Shadab Khan special sets up Pakistan’s six-wicket win

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Shadab Khan finished with figures of 3 for 7 in 4 overs © AFP

Prodigious leg-spinner Shadab Khan announced his arrival by bamboozling West Indies in the opening T20I of Pakistan’s tour of the Caribbean.

Shadab, who was impressive in the Under-19 World Cup early last year and had a successful PSL this year, finished with the most economical four-over spell for a T20I debutant that enabled his side to derail West Indies early in the game.

Shadab’s superlative bowling figures read 3 for 7, with each of those seven runs being singles as West Indies struggled to get off the blocks after opting to bat first. Captain Sarfraz Ahmed saw sense in starting with two spinners – Imad Wasim and Mohammad Hafeez – to get an early stranglehold on the game. The pair bowled flat and straight, making it tough for the openers to chance their arms.

Yet, it was a piece of brilliance in the field from Ahmed Shehzad that brought the first breakthrough. Lewis tucked the ball towards deep midwicket and looked to get back to strike, but a flat throw from Shehzad struck the stumps and caught the opener short of his crease. Pakistan earned a stroke of luck shortly, as Marlon Samuels was wrongly adjudged leg before wicket off Imad Wasim in the seventh over. West Indies desperately needed a move to put a lid on Pakistan’s domination, but that was not to be.

The youngster had earned a reputation of foxing batsmen with wrong ‘uns and he didn’t hesitate to use the same ploy in Pakistan colours. The second ball of his first over pitched outside off and turned into the right-handed Chadwick Walton, who clearly didn’t read the variation. He was struck on the pad in front the stumps and sent on his way for an 18-ball 18. Two balls later, Shadab had his second via odd shot selection and execution from Lendl Simmons. Up against an innocuous leg-break delivery, Simmons went for a sweep shot, but turned his head away at the last moment. Expectedly, he couldn’t middle the ball and ended up inside edging it onto the stumps.

With four wickets down and just 38 runs on the board, West Indies went for a throw of a die. Out came Sunil Narine, ahead of Rovman Powell and Carlos Brathwaite. Narine’s arrival coincided with Wahab Riaz’s, who peppered him with short balls first up. Narine had no response but to duck for cover. In the second delivery of the following over, Shadab’s googly gobbled up another batsman. Narine, who saw the spinner as an opportunity to chance his arm – the sort of mentality he was sent up the order for – ended his brief stay at the crease. He skied a slog sweep straight down Imad Wasim at long-on.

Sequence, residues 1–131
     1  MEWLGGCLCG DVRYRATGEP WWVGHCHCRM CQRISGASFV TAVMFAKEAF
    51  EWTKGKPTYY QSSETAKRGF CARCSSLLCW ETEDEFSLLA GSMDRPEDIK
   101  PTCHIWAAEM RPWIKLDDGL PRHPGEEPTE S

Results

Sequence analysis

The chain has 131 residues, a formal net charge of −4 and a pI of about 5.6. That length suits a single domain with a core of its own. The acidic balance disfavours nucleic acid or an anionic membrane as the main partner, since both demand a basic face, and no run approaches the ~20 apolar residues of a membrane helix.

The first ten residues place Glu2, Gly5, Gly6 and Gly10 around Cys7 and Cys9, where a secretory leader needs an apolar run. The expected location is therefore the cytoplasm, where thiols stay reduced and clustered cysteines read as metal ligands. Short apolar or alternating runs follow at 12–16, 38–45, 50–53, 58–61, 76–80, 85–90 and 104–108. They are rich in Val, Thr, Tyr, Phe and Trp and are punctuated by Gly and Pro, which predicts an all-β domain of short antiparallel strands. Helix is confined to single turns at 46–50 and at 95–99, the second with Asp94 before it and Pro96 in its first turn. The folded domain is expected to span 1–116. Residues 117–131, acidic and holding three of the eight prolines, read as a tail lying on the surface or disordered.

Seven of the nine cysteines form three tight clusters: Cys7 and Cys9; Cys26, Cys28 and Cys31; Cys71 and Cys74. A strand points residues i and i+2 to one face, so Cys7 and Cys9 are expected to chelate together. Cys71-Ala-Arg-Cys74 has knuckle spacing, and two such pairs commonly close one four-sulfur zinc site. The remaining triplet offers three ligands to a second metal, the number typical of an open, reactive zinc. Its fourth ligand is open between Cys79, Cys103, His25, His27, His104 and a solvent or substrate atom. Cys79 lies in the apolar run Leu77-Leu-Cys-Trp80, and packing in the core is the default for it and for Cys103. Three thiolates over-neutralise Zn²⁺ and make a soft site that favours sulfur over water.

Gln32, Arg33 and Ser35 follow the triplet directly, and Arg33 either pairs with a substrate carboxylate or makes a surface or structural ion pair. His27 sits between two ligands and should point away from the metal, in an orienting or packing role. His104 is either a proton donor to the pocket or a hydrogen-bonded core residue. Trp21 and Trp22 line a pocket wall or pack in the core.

Wickets came in heaps for Pakistan as Powell too perished in the next over, falling to Hassan Ali. Shadab should’ve had his fourth when Kieron Pollard was lured into heaving at a tossed up delivery. The resulting top-edge, however, was spilled by Kamran Akmal at backward point. Despite the missed chance, Shadab finished with figures he will remember for a lifetime.

The first sign of resistence came from the pair of Brathwaite and Pollard, who added 25 runs off 32 balls for the seventh wicket. The runs trickled in slowly during the partnership, but it arrested the slide and gave West Indies an outside chance of finishing with a flourish.

Despite Pollard’s exit in the 18th over, West Indies did manage to recover a bit of ground through their adventurous captain, who finished the top-scorer for the side with 34 off 27 balls and managed to drag his side to 111 for 8 in 20 overs.

For West Indies to make a game out of the fixture, they needed early wickets. With two comeback men – Shehzad and Akmal – opening the batting, they would’ve fancied their chances. But the two men, who enjoyed successful seasons in PSL – gave the visitors the sort of breezy start that distanced West Indies from a favourable result.

Both openers fell inside the batting powerplay, but Pakistan still held the aces in chase. Once Mohammad Hafeez fell cheaply in the ninth over, Babar Azam and Shoiab Malik came together to bat sensibly and gnaw away at the deficit. Despite not taking too many risks, the pair scored briskly in their 46-run stand for the fourth wicket. After batting patiently for most parts of his innings, Azam slowly began to pick up boundaries to seal the game off, but Holder cut short his endeavour in the 15th over.

However, with only 17 to get from the last five overs, the task for Malik and Sarfraz was fairly simple. They eventually took the team over the line in the 18th over to gain a 1-0 lead in the series.

Brief Scores: West Indies 111/8 in 20 overs (Carlos Brathwaite 34*; Shadab Khan 3-7) lost to Pakistan 115/4 in 17.1 overs (Shoaib Malik 38*, Babar Azam 29; Jason Holder 2-27) by six wickets.

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